Bowel Cancer and Disabilities

Cancer screening for people with disabilities can be a lot more challenging than for able-bodied people, and they may find themselves at higher risk of mortality/adverse effects if they are diagnosed too late.

Bowel Cancer Foundation Trust has partnered with Parafed Auckland to help bring more awareness to the disability community focusing on the prevention of bowel cancer specifically for wheelchair users who face daily challenges around bowel health.

Below highlights the importance of good food and exercise to avoid complications associated with bowel health.

How paralysis impacts the digestive and bowel systems

Paralysis disrupts the bowel system and causes complications ranging from constipation to accidents. If you are living with or impacted by paralysis, it is important to understand the digestive tract and how to manage bowel complications to preserve health and quality of life.

After food is swallowed, it moves through the oesophagus to the stomach, which is basically a storage bag, and then on to the intestines or bowels. The absorption of nutrients occurs in the small intestines, the duodenum, the jejunum and the ileum. Next is the colon, which encircles the abdomen, starting on the right with the ascending colon, passing across the top with the transverse colon, and down the “s”-shaped sigmoid colon to the rectum, which opens at the anus.

Messages relayed via the spinal cord produce voluntary relaxation of the pelvic floor and anal sphincter muscles, allowing the defecation process to occur.

Effects of paralysis on the bowel system

Simply put, paralysis disrupts the bowel system. There are two main types of neurogenic bowel dysfunction, depending on the level of injury: an injury above the conus medullaris (at L1) results in upper motor neuron (UMN) bowel syndrome; a lower motor neuron (LMN) bowel syndrome occurs in injuries below L1.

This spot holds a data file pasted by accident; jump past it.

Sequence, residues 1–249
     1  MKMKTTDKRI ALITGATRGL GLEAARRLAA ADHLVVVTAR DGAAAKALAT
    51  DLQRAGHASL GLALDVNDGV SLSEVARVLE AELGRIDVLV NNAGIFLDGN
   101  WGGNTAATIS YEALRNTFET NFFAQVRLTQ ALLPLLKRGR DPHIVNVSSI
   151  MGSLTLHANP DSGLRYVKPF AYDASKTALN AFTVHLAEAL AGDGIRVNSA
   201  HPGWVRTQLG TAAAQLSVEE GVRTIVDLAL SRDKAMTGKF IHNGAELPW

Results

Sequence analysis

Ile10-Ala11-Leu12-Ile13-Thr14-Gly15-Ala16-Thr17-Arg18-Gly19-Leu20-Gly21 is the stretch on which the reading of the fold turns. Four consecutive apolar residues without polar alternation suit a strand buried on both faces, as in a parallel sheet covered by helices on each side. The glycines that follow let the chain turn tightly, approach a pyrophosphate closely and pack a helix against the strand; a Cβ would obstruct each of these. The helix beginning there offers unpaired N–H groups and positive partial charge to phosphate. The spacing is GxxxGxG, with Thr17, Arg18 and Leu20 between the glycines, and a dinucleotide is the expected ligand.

In a UMN or hyperreflexic bowel, voluntary control of the external anal sphincter is affected; the sphincter remains tight, which promotes constipation and retention of stool. This complication has been linked to episodes of autonomic dysreflexia. UMN connections between the spinal cord and the colon remain intact, thus reflex coordination and stool propulsion remain intact. Stool evacuation in people with UMN bowel occurs by means of reflex activity caused by a stimulus introduced into the rectum, such as a suppository or digital stimulation.

LMN or flaccid bowel is marked by loss of stool movement (peristalsis) and slow stool propulsion. The result is constipation and a higher risk of incontinence due to lack of a functional anal sphincter. To minimize the risk of hemorrhoids, use stool softeners, minimal straining during bowel efforts, and minimal physical trauma during stimulation.

Bowel programmes

Special bowel programmes are required by wheelchair users impacted by paralysis to ensure a healthy bowel, with a focus on nutrition and fitness to ensure they remain healthy and strong. It is generally not necessary to have a bowel movement every day. Every other day is okay. Bowels move more readily after a meal.

The best way to prevent bowel accidents is to follow a schedule and teach the bowel when to have a movement.


There are several bowel programmes for people in wheelchairs to prevent constipation or manage faecal incontinence. A referral to a Continence Nurse is required for an assessment and treatment plan to be put in place for the individual patient's needs and lifestyle.

There is a list on the Continence NZ website of all the Continence Nurses in the country for adults and children. A referral is required from a GP or other Health Professional, although some Nurses do take self-referrals.